Metal Roof Warranties – Don’t be fooled by the years!

In the metal roofing industry it’s amazing that there is such as wide range of warranties! It’s actually become a bit of marketing game and one that confuses the contractors, architects and for the most part those metal roofing sales teams.  Here’s a simple question;  If we were to tell you that we’d supply you a product that comes with a 45-year SMP warranty vs. a product that would come with a 35-year PVDF warranty…which product would you choose? The 45 year product of course!  What you don’t know is that the SMP performance criteria is not as good as the PVDF system and more is actually less.  Let me breakdown the differences for you:Surf MallPaint Warranties cover three main items; Film Integrity, Chalk and Fade/Color Change. Paint doesn’t rust so the substrate is not included in your PAINT warranty (although there is a perforation warranty on Galvalume even when painted). Here’s a breakdown of each coverage item:

  • Film Integrity: The paint will not crack, flake of PEEL for the life of the warranty.
  • Chalk: This is a number system that allows for a certain amount of chalk. Chalk is the residue resulting from Weathering Decomposition of the paint films.  Visual Ratings are assigned according to ASTM D659 and ratings range from 10-0 with 10 being the best.
  • Fade/Color Change: is the change in the paint film color and appearance due to degradation from UV Radiation in Sunlight…this is also known as Color Weathering.   Ever hear of a Delta E or NBS unit?  This is the measuring unit for color color change per ASTMD2244.  Values range from 0 to infinity where 0 is the best (No color change).  This is measured on both Vertical and Non-Vertical applications.  Metal Roofs are typically Non-Vertical.

So back to that 45-year warranty.  This is actually the number of FILM INTEGRITY years that your warranty covers however if you read each section (Color change and Chalk) you will find that there is only a 30-year warranty on both chalk and color change.  So in reality, you have a 45-year warranty stating that your paint will not fall of your roof but only 30-year coverage on aesthetics.  The coverage is replacement materials only and does not include labor.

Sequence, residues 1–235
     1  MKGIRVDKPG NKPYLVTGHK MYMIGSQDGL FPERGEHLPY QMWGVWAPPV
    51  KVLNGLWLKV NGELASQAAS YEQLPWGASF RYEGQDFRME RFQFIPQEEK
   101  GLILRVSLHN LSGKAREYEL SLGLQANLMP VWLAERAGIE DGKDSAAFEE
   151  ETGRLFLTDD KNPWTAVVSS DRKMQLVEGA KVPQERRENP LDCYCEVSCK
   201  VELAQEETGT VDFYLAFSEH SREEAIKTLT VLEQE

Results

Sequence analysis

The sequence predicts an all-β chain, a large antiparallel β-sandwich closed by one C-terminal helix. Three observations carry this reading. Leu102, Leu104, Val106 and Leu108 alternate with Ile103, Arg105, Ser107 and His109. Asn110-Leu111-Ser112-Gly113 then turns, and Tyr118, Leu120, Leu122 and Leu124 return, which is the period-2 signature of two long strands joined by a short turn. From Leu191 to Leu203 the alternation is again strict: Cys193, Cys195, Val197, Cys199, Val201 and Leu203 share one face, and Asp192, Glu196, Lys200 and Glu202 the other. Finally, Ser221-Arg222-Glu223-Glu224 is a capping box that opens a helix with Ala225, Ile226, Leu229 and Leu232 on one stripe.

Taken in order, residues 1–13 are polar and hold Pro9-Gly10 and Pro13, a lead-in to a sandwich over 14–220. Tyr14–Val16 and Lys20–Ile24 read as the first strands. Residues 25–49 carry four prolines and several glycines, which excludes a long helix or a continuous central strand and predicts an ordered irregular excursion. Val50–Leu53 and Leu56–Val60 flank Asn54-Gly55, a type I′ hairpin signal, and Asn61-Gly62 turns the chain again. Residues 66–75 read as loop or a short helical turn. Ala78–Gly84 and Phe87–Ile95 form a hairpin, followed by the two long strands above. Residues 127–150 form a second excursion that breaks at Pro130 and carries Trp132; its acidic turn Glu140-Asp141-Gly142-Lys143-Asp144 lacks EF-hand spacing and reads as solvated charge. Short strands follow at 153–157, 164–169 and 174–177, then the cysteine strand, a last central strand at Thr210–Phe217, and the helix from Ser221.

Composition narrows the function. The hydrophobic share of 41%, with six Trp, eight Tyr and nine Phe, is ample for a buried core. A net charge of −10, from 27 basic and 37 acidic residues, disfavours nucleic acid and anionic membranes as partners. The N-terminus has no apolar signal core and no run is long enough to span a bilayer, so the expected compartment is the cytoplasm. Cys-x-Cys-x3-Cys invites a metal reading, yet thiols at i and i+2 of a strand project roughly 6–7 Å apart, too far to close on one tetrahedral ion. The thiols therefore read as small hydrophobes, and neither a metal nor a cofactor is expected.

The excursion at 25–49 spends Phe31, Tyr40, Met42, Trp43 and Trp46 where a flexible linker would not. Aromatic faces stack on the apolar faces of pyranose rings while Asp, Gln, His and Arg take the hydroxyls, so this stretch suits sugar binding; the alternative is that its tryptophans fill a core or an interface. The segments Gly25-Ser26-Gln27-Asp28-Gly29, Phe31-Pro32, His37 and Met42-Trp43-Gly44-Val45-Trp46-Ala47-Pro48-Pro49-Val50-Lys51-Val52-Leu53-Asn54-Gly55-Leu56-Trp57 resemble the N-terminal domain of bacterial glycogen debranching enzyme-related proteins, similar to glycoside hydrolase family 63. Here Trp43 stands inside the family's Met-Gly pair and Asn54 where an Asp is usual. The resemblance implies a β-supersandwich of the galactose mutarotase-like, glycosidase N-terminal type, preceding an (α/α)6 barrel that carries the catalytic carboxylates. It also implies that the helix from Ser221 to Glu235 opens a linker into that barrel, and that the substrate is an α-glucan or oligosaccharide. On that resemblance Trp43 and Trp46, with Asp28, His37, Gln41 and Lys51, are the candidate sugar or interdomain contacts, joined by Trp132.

I wanted to give you an idea of color change using the photo below. On the left is the unexposed product and on the right is the allowable color change during the term of the warranty.   As you can see, PVDF (Kynar500(R) or Hylar5000(R)) resin systems perform much better in the color change department than the SMP system.  The 35-year warranty covers you for 35 years whereas the 45 year warranty actually covers you for 30 years.

kynar vs smpThe bottom line;  understand what’s covered and what is not and don’t be fooled by the # of years.  More is actually less in this case you’ll often make the wrong decision without understanding all of the facts. You may be thinking who cares…in 30 to 35 years I am not going to care what color my roof is….the key is you are not getting the value for what you think you are paying for.  Also keep in mind, warranties are only as good as the companies that stand behind them and most of them are non-transferable from owner to owner.

For more information about paint warranties please visit http://www.drexelmetals.com and make sure you check out our Gold Standard Paint Warranty; which covers labor, replacement materials and is fully transferable for the life of the warranty. It also requires a Drexel Metals Certified Installer to install your roof using approved Drexel Metal products from the roof deck up!

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Drexel Metals meets with GPIC – Greater Philadelphia Innovation Cluster for Energy Efficient Buildings

12-21-11

Drexel Metals met today with the Greater Philadelphia Innovation Cluster (GPIC) for Energy Efficient Buildings regarding exploring the opportunity to work together to create awareness about the importance of creating and monitoring performance of the building envelope.  The GPIC (http://gpichub.org)  received $129 million from the Federal Government’s Energy Regional Innovation Cluster (E-RIC) Initiative. The award included $122 million from the U.S. DOE to create an Energy Innovation Hub to develop innovative energy efficient building technologies, designs and systems.

For more information about GPIC

The goals of the GPIC are to improve energy efficiency and reduce carbon emissions of new and existing buildings, and to stimulate private investment and quality job creation.

The GPIC will focus on full spectrum retrofit of existing average size commercial and multi-family residential buildings.  The program goal is to transform the commercial building retrofit and new construction processes into a systems-delivery industry, and demonstrate building operational energy savings of 50% by 2013-2015 in a scalable, repeatable and cost effective manner across a broad building stock, while preserving workplace quality.

A comprehensive research, development and deployment program will be performed that simultaneously addresses the maturation of integrated design and system technologies, exploration of new business models and public policies that accelerate the technology adoption, and the creation of robust workforce development paths. Commercial building stock turns over slowly, and major overhauls are relatively rare. Major retrofit demonstrations are emerging, like the Empire State Building, but they are rare point solutions and achieve less than 40% energy improvement and are not generally scalable to the less than 100,000 square foot building stock.